I am new to D&D. I have always liked mimics in all sorts of games like Enter the Gungeon or Terraria. Can my character's race be a mimic?
A changeling can alter its physical appearance with a thought. While this can be used to deceive others, it is a natural form of expression for the changeling.
From my experience of mimics, their ability to imitate other objects relies on their ability to stay still, which I don't believe is viable for a PC.
Note: This race is not part of the core rules, so speak to your DM to see if they are willing to let you play this race beforehand.
On homebrew races
You can technically play D&D as whatever race you like as long as the rest of your group is accepting of a homebrew you've developed or found. There are some guidelines for how to create a custom race in the Dungeon Master's Guide beginning on page 285.
That being said, I strongly encourage against doing this as someone new to D&D. It is very difficult to develop homebrew that works well alongside official options without substantial experience playing and running the system. I would recommend playing a few campaigns with official options and then exploring homebrew down the line once you understand a bit more about how the game works.
On non-humanoid races
The game of D&D is also fairly predicated on some underlying conventions in its player characters.
One of them is that the characters are humanoid (or roughly so); this makes it easier for the GM to incorporate the characters into the setting as the typical setting sees humanoids fill the bulk of tribes, cities, and nations. This doesn't mean nonhumanoids are impossible to make work, but it would change some of the presumptions built into the rules. When new to a game, it is usually best to adhere to the gist of the game's design until you understand how the game works a bit more.
Another is the idea of agency. Since real people are controlling the characters behind the scenes, it is best to work with a character of at least average intelligence and capacity. Experience role players may be able to enjoy and convey characters with minimal capacity for language and even characters with only instinctual behavior, but it is difficult to make them compelling. The mimic in D&D has only 5 intelligence and speaks no languages, putting it above the intelligence of a wolf, and just below the intelligence of an ape. Again, this is a character that could be conveyed in a compelling way, but not something I would recommend for a new player.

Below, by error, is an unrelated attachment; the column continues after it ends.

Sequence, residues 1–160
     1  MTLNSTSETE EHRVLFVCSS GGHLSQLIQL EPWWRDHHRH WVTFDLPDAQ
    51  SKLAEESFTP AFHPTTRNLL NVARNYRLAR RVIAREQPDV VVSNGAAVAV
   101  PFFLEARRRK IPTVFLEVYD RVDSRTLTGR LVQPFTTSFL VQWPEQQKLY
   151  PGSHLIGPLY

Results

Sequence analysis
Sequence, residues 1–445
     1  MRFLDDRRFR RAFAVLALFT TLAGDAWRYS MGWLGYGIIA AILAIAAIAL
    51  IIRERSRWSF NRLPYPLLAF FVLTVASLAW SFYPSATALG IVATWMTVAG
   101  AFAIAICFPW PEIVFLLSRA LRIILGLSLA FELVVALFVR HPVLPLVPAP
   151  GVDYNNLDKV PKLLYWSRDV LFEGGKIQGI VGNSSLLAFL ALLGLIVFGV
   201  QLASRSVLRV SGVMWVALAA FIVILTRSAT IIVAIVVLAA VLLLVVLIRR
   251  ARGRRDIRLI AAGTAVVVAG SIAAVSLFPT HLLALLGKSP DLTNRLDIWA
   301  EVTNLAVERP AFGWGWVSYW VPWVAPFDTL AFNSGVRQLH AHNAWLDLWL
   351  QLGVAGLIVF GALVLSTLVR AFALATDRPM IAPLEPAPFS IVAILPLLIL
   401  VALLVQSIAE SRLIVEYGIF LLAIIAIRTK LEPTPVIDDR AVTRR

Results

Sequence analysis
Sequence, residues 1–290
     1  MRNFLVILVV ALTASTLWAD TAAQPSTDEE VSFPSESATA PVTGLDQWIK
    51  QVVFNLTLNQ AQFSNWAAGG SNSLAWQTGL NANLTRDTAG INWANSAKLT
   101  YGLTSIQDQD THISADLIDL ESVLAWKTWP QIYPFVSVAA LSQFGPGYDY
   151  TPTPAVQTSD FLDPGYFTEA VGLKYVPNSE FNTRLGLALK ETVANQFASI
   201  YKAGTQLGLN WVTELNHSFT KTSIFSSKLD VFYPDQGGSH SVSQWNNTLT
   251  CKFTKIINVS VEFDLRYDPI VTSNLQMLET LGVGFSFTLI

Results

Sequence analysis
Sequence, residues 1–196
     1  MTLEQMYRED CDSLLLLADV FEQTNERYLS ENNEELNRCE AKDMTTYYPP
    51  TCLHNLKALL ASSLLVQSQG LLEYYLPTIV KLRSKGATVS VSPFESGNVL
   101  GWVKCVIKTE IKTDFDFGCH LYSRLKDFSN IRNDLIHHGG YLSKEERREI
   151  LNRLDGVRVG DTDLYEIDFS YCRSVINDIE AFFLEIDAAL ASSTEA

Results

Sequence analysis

Your DM would need to invent a custom mimic race.
While D&D 5th edition has no standard rules for playing monsters as PCs, it does have rules for creating new character races under Dungeon Master's Guide p.285, Creating New Character Options.
Technically, the DM can create any kind of new race, even if it's not humanoid. The only guideline is that it must be balanced against standard player options, so it can't be hugely more or less powerful than any other existing race in the game.
D&D's standard mimic creature stats (Monster Manual, p.220) would be too powerful as a PC race. Its base bite damage is stronger than anything a human fighter can wield, and its ability to disguise as any object with perfect success is better than a rogue's ability to hide.
However, representing the mimic of Enter the Gungeon or Terraria—a creature which looks like a chest and can bite—as a balanced PC race in D&D would be fairly easy.
Personally, I would stat up the mimic as a custom warforged subrace. That race normally represents a humanoid built of of wood and/or metal or stone, but you could re-fluff that as chest-shaped.
Some suggested abilities (a rough draft only here):
- You have no arms, and can only move 25 feet per round. (Presumably the mimic moves upon some kind of retractable pseudopods. Hopping around slowly like a videogame creature or requiring the party to carry you about would be humorous, but would impede adventuring.)
- You can equip items by swallowing instead of wearing them. You can, of course, regurgitate them at will.
- You have a bite attack dealing perhaps 1d10 base damage. This is more powerful than PCs normally get, but it's necessary to compensate for your lack of arms, in which a normal human PC could wield a two-handed weapon.
- You have proficiency with Stealth. You add double your proficiency bonus when you remain motionless (or Advantage, or whatever works out to be most balanced).